In a little over a decade since researchers uncovered novel techniques to improve its efficiency and effectiveness, deep learning has become a practical technology that now underpins a number of applications that need artificial intelligence (AI).
Many of these applications are hosted in the cloud on powerful servers, as tasks sometimes involve the processing of data-rich sources such as images, videos, and audio. Those servers often call on the additional performance of acceleration hardware, which range from graphics processing units to custom devices. These become particularly important for the numerically-intensive process, during which a neural network is trained on new data.
Typically, the inferencing process, which uses a trained network to assess new data, is far less compute-intensive than training. There are also workloads that involve less data-intensive sources, such as sensor readings from IoT devices, where both training and inferencing can be performed on lower-performance hardware. As a result, systems designers are finding that workloads do not necessarily need to be located in the cloud once the AI model has been trained, though many current services still do for business reasons. Instead, the trained model can be transferred to a local machine for processing closer to the source of the data.
AI Benefits At The Edge
There are a number of reasons to bring AI models (Figure 1) closer to the edge of the network, most notably privacy and user acceptance. For example, consumers using devices like smart speakers are becoming increasingly concerned about having their private conversations recorded and uploaded to cloud services.
In industrial control applications, which use AI for machine-condition monitoring or process optimization, concerns over the confidentiality of production data will similarly demand that as little as possible is transferred to the cloud. For many industrial applications, there are concerns about the reliability and speed of the connection to the cloud. Many systems, whether on a shop floor or situated in a remote location, do not have the high-bandwidth connections required to support cloud-based inferencing.
Control systems are also adversely affected by high communications latency. If AI models are used within closed-loop control systems, any delay in fetching an update from the cloud will lead to inaccuracies and instability. Some systems may use a mixture of cloud and local processing. Surveillance cameras, for example, will preserve network bandwidth by identifying immediate threats, locally but then call on the cloud to perform additional processing when local models cannot cope.
Battery life is also significantly increased when AI sits at the edge, as far less data is sent over the network, reducing both network and cloud costs.
AI In Predictive Maintenance
Predictive maintenance is currently the most popular use-case for connected-industry applications. It provides a high return on investment due to its ability to reduce the frequency of on-site inspections. Machine down-time can also be reduced by accurately identifying a component’s remaining useful time in service, making it possible to exploit its operational life without risking a failure during operation. Prediction of lifetime, based on operational data, also helps optimize maintenance schedules and accurately identify correct spares requirements. Customers using predictive maintenance already experience efficiency gains of 20 to 25 percent.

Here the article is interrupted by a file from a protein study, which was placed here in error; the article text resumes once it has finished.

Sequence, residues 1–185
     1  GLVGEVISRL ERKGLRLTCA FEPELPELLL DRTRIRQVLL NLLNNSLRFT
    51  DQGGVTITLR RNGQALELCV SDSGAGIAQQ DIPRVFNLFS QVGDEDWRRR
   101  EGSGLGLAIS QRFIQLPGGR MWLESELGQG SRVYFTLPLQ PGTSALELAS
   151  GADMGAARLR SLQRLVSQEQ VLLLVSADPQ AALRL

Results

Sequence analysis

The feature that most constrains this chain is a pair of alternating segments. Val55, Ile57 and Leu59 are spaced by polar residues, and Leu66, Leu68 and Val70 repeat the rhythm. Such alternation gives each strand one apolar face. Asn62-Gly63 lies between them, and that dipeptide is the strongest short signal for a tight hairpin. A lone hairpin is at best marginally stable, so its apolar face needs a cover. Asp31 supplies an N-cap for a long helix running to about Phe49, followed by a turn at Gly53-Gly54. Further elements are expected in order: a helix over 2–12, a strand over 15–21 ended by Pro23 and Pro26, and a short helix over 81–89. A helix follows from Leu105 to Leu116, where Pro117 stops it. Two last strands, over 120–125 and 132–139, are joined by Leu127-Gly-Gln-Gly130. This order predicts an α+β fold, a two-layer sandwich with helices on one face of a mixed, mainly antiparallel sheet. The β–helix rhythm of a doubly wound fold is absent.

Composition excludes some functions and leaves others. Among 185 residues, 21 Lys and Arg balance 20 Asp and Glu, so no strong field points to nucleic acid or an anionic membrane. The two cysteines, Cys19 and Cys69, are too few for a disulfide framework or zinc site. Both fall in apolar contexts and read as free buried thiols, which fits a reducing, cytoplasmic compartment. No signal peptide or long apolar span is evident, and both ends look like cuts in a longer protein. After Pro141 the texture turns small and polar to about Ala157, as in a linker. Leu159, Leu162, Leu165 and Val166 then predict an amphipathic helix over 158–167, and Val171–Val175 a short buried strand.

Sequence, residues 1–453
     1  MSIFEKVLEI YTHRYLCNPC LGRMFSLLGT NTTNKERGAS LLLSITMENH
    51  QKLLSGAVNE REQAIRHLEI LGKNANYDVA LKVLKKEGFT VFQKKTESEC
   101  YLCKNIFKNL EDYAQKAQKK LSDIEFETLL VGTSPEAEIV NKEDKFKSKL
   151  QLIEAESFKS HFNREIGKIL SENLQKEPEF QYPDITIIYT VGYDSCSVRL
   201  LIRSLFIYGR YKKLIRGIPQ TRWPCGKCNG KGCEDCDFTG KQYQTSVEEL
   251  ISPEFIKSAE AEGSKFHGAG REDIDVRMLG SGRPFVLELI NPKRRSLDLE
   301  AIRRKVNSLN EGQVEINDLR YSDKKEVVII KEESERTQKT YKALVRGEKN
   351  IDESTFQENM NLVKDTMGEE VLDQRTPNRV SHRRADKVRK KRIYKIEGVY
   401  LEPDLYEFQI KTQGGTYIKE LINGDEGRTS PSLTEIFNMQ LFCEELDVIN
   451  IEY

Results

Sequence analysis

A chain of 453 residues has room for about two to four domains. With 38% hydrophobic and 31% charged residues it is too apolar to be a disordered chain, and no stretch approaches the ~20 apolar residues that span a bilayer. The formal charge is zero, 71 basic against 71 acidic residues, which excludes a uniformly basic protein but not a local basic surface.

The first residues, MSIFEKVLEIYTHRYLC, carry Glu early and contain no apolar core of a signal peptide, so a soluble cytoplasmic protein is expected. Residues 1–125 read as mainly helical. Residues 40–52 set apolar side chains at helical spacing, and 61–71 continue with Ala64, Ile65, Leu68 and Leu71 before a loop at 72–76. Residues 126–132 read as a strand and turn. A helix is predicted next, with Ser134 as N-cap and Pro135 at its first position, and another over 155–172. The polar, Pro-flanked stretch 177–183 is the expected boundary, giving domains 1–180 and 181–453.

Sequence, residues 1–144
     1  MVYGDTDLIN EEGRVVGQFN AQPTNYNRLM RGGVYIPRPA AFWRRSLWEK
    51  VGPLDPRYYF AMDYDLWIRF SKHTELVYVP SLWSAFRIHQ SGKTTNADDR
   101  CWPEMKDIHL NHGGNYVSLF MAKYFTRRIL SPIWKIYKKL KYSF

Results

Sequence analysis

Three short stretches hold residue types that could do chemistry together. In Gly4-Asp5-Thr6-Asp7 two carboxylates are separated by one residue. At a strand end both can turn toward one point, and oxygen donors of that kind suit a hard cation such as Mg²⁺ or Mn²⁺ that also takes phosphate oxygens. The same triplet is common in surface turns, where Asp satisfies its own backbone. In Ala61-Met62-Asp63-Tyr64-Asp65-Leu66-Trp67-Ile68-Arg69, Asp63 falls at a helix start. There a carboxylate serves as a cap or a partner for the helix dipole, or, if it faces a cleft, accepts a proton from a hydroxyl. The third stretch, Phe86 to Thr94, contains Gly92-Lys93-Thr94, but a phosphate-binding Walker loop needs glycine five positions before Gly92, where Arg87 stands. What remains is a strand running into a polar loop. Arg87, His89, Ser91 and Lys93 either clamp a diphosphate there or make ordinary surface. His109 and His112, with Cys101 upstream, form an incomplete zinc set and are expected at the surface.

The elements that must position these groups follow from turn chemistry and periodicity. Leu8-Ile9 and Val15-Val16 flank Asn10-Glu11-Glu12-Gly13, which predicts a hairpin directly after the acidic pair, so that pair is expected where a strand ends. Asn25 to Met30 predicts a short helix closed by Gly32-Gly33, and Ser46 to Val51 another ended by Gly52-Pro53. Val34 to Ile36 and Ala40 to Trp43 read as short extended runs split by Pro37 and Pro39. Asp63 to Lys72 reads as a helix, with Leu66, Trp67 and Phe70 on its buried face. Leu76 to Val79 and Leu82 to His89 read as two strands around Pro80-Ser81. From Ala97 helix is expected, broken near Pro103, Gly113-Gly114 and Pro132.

With predictive maintenance, sensors in a machine tool may detect changes in temperature, coupled with an increase in noise or vibration, picked up through a combination of microphones and accelerometers, as indicative of a potential problem. With traditional algorithmic techniques, it can be extremely difficult to relate combinations of real-time sensor readings to problems. AI-based models can interpret time-series data together with real-time inputs to determine the health of the system accurately. Such models can take advantage of techniques such as sensor fusion to determine whether the situation demands maintenance. The complexity and latency requirements of the model will determine the feasibility of running the model locally.
Approaches To Local Processing
There are two approaches to local processing. The first is to use the processing power available on the device itself. This depends on the complexity of the AI model and the available processing power. For low-power sensor nodes, it will not be possible to run a large deep-learning model even for just inferencing. As machine-learning algorithms can take many forms, it may not be necessary to run such a heavyweight task completely locally.
The second option is to offload processing to another device either completely or partially. For example, the device may run a simplified AI model that performs an initial analysis of the data. In the case of a surveillance system that listens for activity, this model may simply perform the job of determining whether the signal is background noise, such as wind, or due to an intruder passing nearby, or the sudden sound of a breaking window. More complex functions can be transferred to a gateway that concentrates data from multiple cameras and other security devices. The devices may provide some preprocessing to help streamline the job of the gateway model.